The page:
Six-term Congressman Mark Foley (R-FL 16th), 52, has resigned after the revelation that he exchanged inappropriate emails with a former 16 year-old congressional page. Pages are high school students who work as messengers and attend classes under congressional supervision.
Rep. Foley, who is single, apologized Friday for letting down his family and constituents. Once his resignation letter was read late Friday afternoon, House Republicans spent the night trying to come up with an explanation.
At around midnight, a vote was engineered to let the House ethics committee decide if an investigation is necessary.
The page’s congressional sponsor, Rep. Rodney Alexander (R-LA 5th) said the youth’s parents asked him not to pursue the matter. Before deciding to end his involvement, Rep. Alexander passed on what he knew to Rep. Thomas Reynolds (R-NY 26th), chairman of the House Republican campaign organization.
Carl Forti, Rep. Reynolds’ spokesman said “We are not characterizing conversations that Congressman Reynolds may have had or may not have had with other members of Congress on that subject.”
Page Board chairman, Rep. John Shimkus (R-IL 19th), said that he investigated, but Rep. Foley falsely assured him he was only mentoring the boy.
Ron Bonjean, spokesman for Speaker Dennis Hastert, said the top House Republican had not known about the allegations. Rep. Shimkus said he learned about them in late 2005.
Just 39 days before the November 7 election, CQPolitics.com has temporarily changed its rating of Rep. Foley’s seat from “Safe Republican” to “No Clear Favorite.” Florida Republicans plan to meet as soon as Monday to choose a new nominee as a substitute, but Rep. Foley’s name will still appear on the ballot.
The Democratic nominee in south-central Florida’s 16th Congressional District is businessman and rancher Tim Mahoney, co-founder and chairman of financial services company, vFinance; and founder and president of the Center for Innovative Entrepreneurship.
According to the Orlando Sentinel, Florida State Rep. Joe Negron, (R-Stuart), has already tried to lay claim to the seat. “I’m in the race,” Rep. Negron said, adding that he had learned of Rep. Foley’s resignation only a little more than an hour before. “I think it’s important that District 16 stay in the Republican column.”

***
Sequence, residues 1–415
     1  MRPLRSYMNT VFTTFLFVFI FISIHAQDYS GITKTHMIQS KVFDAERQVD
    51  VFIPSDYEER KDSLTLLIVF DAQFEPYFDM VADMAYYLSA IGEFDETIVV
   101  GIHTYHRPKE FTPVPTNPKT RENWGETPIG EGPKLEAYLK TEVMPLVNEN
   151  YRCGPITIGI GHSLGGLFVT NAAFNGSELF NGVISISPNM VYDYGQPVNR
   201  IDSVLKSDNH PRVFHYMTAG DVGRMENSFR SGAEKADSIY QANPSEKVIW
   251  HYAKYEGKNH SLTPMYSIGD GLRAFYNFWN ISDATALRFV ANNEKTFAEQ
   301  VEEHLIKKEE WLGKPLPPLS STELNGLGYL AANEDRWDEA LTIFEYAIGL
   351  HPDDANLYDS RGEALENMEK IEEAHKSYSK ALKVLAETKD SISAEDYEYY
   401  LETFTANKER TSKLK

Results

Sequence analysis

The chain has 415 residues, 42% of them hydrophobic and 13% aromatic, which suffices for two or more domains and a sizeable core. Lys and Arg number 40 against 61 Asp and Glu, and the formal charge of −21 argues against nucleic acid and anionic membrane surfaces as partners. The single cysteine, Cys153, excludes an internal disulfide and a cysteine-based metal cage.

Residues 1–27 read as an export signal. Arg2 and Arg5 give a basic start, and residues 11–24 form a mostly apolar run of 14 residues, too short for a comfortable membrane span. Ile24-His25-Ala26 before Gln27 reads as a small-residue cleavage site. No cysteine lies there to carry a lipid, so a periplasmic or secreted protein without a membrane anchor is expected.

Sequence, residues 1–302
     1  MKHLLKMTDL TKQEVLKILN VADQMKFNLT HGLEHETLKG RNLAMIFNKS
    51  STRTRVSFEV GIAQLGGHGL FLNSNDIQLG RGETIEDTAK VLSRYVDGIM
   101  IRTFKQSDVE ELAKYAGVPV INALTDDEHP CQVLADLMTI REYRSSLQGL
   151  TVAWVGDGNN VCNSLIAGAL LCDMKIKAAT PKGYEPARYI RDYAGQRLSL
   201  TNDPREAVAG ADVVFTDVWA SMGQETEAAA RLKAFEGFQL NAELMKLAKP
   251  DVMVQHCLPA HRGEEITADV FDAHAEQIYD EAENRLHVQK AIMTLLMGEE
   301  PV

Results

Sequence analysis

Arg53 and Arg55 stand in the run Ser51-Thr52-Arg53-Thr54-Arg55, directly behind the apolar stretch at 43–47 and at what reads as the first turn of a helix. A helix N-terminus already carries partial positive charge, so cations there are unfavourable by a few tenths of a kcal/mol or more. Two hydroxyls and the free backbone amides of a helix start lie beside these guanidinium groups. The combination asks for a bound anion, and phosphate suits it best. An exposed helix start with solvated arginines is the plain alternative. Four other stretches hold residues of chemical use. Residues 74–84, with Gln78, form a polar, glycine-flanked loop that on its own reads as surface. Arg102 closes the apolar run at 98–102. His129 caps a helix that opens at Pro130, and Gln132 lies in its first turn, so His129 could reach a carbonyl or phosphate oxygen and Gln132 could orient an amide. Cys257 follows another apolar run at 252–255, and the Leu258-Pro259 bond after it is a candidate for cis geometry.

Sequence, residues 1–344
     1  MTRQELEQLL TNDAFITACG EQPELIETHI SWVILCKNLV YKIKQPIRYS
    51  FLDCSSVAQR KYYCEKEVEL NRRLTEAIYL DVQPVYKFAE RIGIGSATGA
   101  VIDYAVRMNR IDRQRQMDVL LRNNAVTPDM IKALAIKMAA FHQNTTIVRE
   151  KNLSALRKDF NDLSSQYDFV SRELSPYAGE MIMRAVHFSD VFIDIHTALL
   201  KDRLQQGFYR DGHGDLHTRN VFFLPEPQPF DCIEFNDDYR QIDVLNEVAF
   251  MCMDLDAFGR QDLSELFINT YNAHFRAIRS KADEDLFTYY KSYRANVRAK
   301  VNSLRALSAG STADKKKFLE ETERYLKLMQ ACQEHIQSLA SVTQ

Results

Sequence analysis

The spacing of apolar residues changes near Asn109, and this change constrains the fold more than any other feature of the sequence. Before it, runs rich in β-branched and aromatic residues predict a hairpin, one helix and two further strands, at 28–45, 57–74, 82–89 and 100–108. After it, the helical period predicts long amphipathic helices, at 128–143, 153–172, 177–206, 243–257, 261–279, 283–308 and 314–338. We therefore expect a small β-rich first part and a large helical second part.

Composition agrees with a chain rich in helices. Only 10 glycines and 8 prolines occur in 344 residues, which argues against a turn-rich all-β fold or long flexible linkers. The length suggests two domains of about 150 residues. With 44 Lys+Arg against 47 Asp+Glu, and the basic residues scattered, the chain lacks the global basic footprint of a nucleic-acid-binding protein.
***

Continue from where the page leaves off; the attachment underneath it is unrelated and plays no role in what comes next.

Also mentioned as possible candidates were Florida State Senators Jeff Atwater, Ken Pruitt, and Paula Dockery.
Irony, Hypocrisy, and Pedophilia
In July, Rep. Foley, as chairman of the Missing and Exploited Children’s Caucus, introduced legislation to protect children from exploitation on the Internet, which is actually a good idea if it can be done constitutionally, but perhaps our Congressional Representatives should introduce legislation to protect children from exploitation by our Congressional Representatives.
Rep. Foley said: “We track library books better than we do sexual predators.” (Well, being in his 50s, I guess he ought to know all about that.)
Pedophilia is incurable and pedophiles cannot help what they are — which is a good reason why they should, upon conviction via due process, be institutionalized for life, thereby negating the perceived need for those unconstitutional sex offender registries that have the potential to incite vigilantism because the general public is allowed the same access to them as law enforcement officials — but hypocrites have no excuse because hypocrisy, unlike mental illness, falls under the purview of free will.
Pedophiles free wills may not help them with their eternally repugnant concupiscence, but the choice to act upon such desires is a product of free will. And so is avoiding close contact with children and seeking therapy to deal with temptation.
In his crusades for tough laws against those who use the Internet to sexually exploit children, Rep. Foley said “They’re sick people; they need mental health counseling.”
Perhaps he should’ve taken his own advice.
ABC News, which obtained a series of emails from Rep. Foley to the former page, has all the lurid details, “Exclusive: The Sexually Explicit Internet Messages That Led to Fla. Rep. Foley’s Resignation.”
In the messages provided to ABC News, Rep. Foley used the screen name Maf54. The teenager’s name was excised.
Maf54: You in your boxers, too?
Teen: Nope, just got home. I had a college interview that went late.
Maf54: Well, strip down and get relaxed.
Maf54: What ya wearing?
Teen: tshirt and shorts
Maf54: Love to slip them off of you.
Maf54: Do I make you a little horny?
Teen: A little.
The language gets even more graphic (and inane, too, considering that one of the participants is in his 50s). For those who might find it titillating or morbidly fascinating, ABC News has a PDF of the rest.
Federal authorities say that Rep. Foley could be prosecuted under some of the same laws he helped to enact.
Brad Garrett, an ABC News consultant who is a former FBI agent said “Adds up to soliciting underage children for sex. And what it amounts to is serious both state and federal violations that could potentially get you a number of years.”